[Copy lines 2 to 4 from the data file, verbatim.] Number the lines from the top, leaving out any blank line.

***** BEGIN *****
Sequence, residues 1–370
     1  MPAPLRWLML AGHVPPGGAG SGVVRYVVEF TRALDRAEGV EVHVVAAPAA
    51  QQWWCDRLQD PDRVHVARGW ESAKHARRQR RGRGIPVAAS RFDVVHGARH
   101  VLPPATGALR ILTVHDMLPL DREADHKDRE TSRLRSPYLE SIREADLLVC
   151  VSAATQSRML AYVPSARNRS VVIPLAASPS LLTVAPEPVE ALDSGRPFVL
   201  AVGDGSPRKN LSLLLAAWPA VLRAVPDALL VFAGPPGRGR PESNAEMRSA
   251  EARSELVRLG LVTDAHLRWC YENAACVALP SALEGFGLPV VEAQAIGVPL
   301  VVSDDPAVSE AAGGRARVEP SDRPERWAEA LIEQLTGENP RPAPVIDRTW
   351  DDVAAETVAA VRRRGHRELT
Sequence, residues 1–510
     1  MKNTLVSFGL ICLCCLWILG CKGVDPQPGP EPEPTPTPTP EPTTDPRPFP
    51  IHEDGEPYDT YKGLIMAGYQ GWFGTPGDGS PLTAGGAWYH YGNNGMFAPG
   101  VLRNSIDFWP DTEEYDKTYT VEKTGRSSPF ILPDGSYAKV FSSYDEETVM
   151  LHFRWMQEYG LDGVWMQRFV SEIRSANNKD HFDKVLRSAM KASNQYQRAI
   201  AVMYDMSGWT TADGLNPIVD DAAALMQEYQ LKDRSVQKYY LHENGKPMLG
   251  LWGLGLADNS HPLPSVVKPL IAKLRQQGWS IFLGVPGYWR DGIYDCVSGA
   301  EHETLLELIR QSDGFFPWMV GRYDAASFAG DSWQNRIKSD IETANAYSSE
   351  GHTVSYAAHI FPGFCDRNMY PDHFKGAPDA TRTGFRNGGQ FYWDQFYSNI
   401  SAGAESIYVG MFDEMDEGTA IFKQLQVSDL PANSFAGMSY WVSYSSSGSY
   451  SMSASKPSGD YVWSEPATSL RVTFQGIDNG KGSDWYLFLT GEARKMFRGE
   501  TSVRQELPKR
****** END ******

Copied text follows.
     1  MPAPLRWLML AGHVPPGGAG SGVVRYVVEF TRALDRAEGV EVHVVAAPAA
    51  QQWWCDRLQD PDRVHVARGW ESAKHARRQR RGRGIPVAAS RFDVVHGARH
   101  VLPPATGALR ILTVHDMLPL DREADHKDRE TSRLRSPYLE SIREADLLVC